The 2017 Tax Act was rushed in order to make it effective as of January 1, 2018. Anything that is rushed certainly will create opportunities for creative estate planners who will exploit the new tax laws for the benefit of their clients. The greatest opportunity business owners received from the Trump Tax Act is the new IRC 199A pass-thru business deduction. This deduction allows certain taxpayers to deduct 20% of their Qualified Business Income.
The Taxable Income Limitations
For a married couple with taxable income of no more than $315,000 and for an unmarried individual with taxable income of no more than $157,500, there are minimal rules and the 20% federal income tax deduction is available. There is a phase-out of the deduction from $315,000 to $415,000 for married taxpayers and from $157,500 to $207,500 for unmarried taxpayers. These figures are for total income, not just based on Qualified Business Income.
Specified Service Businesses Not So Lucky
For a Specified Service Business, unfortunately no IRC 199A deduction is available for owners whose taxable income exceeds the dollar amounts in the foregoing paragraph. A specified service trade or business means any trade or business involving the performance of services in the fields of: Health, law, accounting, actuarial science, performing arts, consulting, athletics, financial services, brokerage services, including investing and investment management, trading, or dealing in securities, partnership interests, or commodities, and any trade or business where the principal asset of such trade or business is the reputation or skill of one or more of its employees.
Limitations for a Non-Specified Service Business
Different rules apply for a business that is not considered a Specified Service Business. For those businesses, an IRC 199A deduction is available for owners whose taxable income exceeds the dollar amounts outlined above. However, it’s limited to the greater of (a) 50% of W-2 wages or (b) 25% of W-2 wages plus 2.5% of Qualified Property (certain depreciable property such as buildings and equipment).
Exploiting IRC 199A using Multiple Taxpayers
Business planning in 2018 and beyond has now changed drastically. The goal now is to separate the business interests into as many different owners as possible, often using separate non-grantor trusts in order to create as many different owners as possible to each receive up to $157,500 of taxable income.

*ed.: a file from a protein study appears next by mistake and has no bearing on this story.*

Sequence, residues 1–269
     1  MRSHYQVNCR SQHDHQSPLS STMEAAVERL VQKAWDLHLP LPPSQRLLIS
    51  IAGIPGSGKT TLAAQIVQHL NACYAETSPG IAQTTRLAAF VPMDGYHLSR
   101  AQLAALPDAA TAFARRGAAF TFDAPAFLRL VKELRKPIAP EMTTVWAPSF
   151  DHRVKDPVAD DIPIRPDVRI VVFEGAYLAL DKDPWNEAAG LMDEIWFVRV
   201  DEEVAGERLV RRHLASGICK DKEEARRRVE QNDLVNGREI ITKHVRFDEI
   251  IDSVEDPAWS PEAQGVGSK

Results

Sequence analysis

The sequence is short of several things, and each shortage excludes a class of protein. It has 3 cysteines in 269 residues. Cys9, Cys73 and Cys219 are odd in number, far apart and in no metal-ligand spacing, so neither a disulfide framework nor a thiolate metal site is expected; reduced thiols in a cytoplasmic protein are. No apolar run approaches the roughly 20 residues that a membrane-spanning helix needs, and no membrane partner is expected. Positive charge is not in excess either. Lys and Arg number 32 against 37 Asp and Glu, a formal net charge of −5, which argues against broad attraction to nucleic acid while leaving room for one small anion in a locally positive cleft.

There are many options:
- Single Persons – $157,500
- Married Couples – $315,000
- Estates – $157,500
- Incomplete Gift Non-Grantor Trusts – $157,500
- Completed Gift Non-Grantor Trusts – $157,500
- Completed Gift Non-Grantor Domestic Asset Protection Trusts – $157,500
- Children of the Client – $157,500
- Beneficiary Defective Trusts – $157,500
In many cases, the Client has multiple children and grandchildren so the number of separate trusts can be further magnified! Do the math! The 20% pass-thru business deduction is huge. And for a Specified Service Business that can be transferred to different owners, the otherwise unobtainable pass-thru deduction can be taken simply by using enough separate owners.
Beware of IRC Section 643(f)!
All planners should read IRC Section 643(f) before doing IRC Section 199A planning. Under this Code Section, the IRS will combine trusts that have substantially the same grantor and primary beneficiary where the principal purpose of the separate trusts is to avoid income tax. This certainly doesn’t stop the creative planning. However, it does restrict it somewhat, so planners must be careful to consider these rules when creating structures that at designed to exploit the new rules.
The new IRC Section 199A pass-thru business rules are the greatest gift that estate planners could have ever received from Congress. Creative planners who make use of these new rules to save their clients significant income taxes will be very busy with more work than they ever imagined!
Check out these programs specifically on Section 199A:
- The New Section 199A 20% Small Business Deduction – Sophisticated Tax Planning and Trust Strategies for Lawyers, CPAs & Financial Advisors
- Section 199A: An In-Depth Look
The Ultimate Estate Planner has a number of educational programs related to the Tax Reform that you may be interested in.
- What Every Advisor Needs to Know About Tax Reform for 2018 Planning & Beyond
- Planning for Professional Practices & Other Business Entities Under the Tax Reform Bill
- Estate Planning After Tax Reform
- Tax Planning for Real Estate Under the Tax Reform Bill
ABOUT THE AUTHOR
Steven J. Oshins, Esq., AEP (Distinguished) is an attorney at the Law Offices of Oshins & Associates, LLC in Las Vegas, Nevada, with clients throughout the United States. He is listed in The Best Lawyers in America®. He was inducted into the NAEPC Estate Planning Hall of Fame® in 2011 and was named one of the 24 Elite Estate Planning Attorneys in America by the Trust Advisor. He has authored many of the most valuable estate planning and asset protection laws that have been enacted in Nevada. He can be reached at 702-341-6000, ext. 2, at email@example.com or at his firm’s website, www.oshins.com.